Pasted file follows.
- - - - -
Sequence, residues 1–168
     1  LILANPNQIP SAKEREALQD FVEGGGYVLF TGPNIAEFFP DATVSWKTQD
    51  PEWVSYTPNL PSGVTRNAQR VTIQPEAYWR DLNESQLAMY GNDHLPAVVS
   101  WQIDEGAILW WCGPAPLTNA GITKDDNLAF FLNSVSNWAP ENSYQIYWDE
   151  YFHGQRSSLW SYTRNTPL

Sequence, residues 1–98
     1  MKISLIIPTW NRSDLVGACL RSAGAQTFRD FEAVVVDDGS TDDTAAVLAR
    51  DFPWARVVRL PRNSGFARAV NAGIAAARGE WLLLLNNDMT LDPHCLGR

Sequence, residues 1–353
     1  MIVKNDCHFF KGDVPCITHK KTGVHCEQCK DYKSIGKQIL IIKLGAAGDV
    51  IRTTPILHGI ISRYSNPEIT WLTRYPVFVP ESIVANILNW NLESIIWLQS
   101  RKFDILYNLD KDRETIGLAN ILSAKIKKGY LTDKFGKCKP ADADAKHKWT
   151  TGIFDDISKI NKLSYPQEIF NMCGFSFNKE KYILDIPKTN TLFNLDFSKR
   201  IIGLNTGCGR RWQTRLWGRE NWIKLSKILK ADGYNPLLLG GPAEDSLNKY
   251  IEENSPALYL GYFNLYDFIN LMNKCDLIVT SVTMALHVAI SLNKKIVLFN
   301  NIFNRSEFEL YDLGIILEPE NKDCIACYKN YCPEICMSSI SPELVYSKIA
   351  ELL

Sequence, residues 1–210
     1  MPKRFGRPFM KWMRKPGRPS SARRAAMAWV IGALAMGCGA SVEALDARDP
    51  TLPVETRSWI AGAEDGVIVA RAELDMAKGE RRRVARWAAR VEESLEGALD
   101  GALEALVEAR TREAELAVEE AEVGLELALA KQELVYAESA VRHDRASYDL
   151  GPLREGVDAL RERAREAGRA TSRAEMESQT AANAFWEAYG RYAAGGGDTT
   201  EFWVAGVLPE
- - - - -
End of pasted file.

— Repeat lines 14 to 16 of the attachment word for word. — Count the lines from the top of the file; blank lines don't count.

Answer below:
   201  IIGLNTGCGR RWQTRLWGRE NWIKLSKILK ADGYNPLLLG GPAEDSLNKY
   251  IEENSPALYL GYFNLYDFIN LMNKCDLIVT SVTMALHVAI SLNKKIVLFN
   301  NIFNRSEFEL YDLGIILEPE NKDCIACYKN YCPEICMSSI SPELVYSKIA